A common defense in a False Claims Act case is to argue that the defendant cannot be liable because the applicable government regulation was “ambiguous” and the defendant’s interpretation of the regulation is “reasonable” therefore the defendant could not have “knowingly” submitted a “false” claim (two key elements of FCA liability). Indeed, this defense is central to a declined qui tam case pending in U.S. District Court in Missouri against Anesthesia Associates of Kansas City (“AAKC”). Last week the Justice Department supported the whistleblower by filing a Statement of Interest debunking this defense.
The U.S. first addressed the argument that the defendant could not have acted “knowingly” or in other words with the requisite scienter to have violated the FCA. The FCA defines “knowingly” to mean having actual knowledge, reckless disregard, or deliberate ignorance of the falsity of the claim, and no proof of specific intent to defraud is required. 31 U.S.C. § 3729(b)(1). Defendant AAKC argued that CMS’ regulation was ambiguous and that AAKC could now advance a reasonable interpretation of the regulation. The U.S. rebutted this argument stating:
“An FCA defendant’s scienter, or lack thereof, depends on the surrounding facts as they existed at the time, not on whether its lawyers can point to ambiguities in regulatory language and advance plausible post hoc interpretations… To hold otherwise would mistakenly absolve of liability any defendant who can later advance a plausible regulatory basis for the submission of false claims. It would allow a defendant who fully intended to submit false claims to escape liability. It would eliminate liability, across the board and regardless of circumstances, for those who recognized an ambiguity and made the decision not to inquire.”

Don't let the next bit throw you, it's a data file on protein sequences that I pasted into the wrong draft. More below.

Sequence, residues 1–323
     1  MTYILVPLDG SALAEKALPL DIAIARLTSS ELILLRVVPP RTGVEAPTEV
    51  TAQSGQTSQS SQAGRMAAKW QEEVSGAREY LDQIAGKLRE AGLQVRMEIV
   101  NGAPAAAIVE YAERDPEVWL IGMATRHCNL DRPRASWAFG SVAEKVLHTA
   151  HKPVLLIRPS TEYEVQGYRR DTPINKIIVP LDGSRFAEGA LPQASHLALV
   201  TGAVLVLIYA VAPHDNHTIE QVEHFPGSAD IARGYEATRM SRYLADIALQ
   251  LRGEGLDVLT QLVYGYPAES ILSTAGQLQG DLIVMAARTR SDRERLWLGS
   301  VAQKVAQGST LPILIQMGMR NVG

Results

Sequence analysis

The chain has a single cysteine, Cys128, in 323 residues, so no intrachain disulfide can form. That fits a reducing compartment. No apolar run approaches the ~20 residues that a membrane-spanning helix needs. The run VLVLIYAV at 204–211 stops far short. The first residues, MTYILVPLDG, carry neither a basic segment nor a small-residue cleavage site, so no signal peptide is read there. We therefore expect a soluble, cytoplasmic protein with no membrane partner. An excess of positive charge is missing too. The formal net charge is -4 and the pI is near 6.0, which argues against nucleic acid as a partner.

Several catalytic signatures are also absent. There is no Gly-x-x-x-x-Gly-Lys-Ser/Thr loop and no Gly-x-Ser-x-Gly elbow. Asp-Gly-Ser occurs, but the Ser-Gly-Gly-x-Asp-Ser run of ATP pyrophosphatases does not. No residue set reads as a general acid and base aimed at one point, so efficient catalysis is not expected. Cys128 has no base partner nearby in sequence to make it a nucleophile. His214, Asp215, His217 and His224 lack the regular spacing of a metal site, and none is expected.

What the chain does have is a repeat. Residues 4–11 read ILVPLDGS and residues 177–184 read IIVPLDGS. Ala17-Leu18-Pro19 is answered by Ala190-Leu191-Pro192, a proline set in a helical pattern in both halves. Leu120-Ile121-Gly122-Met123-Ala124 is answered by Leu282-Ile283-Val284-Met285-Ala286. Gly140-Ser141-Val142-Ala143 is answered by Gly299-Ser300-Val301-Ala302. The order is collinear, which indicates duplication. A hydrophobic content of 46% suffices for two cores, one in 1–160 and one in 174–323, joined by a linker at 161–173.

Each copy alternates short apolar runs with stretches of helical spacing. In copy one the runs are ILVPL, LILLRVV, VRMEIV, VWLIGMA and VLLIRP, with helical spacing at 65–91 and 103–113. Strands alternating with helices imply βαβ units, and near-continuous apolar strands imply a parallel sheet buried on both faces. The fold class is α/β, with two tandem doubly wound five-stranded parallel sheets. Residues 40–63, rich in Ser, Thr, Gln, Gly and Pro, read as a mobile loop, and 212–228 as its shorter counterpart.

Brief at 2-3 (emphasis added).
As part of the court’s fact finding exercise, it may look at the defendant’s state of mind at the time the claims were being submitted; the U.S. acknowledged that “evidence of whether or not the defendant reasonably interpreted the governing regulation and submitted claims it, in good faith, believed to be truthful at the time of submission is important to consider.” Brief at 4. However, the U.S. reminded the court that the defendant cannot engage in “ostrich-like conduct” by effectively sticking its head in the sand. Brief at 6.
The U.S. then turned its fire on the argument that the claim could not have been “false” because of defendant’s purported reasonable interpretation. The U.S. rejected this argument out of hand, characterizing it as a “misstatement of the law.” Brief at 8. Explaining that “knowledge” and “falsity” are separate elements of FCA liability, the U.S. went on to note that it is up to the court to determine “falsity” by using “normal tools of statutory construction to determine whether statements or claims are ‘objectively’ false.” Id. (emphasis added).
This case is worth keeping an eye on to see how the district court rules. Anyone litigating a FCA case should consult the U.S. Brief for an excellent summary of the law of “knowledge” and the meaning of “falsity” under the FCA.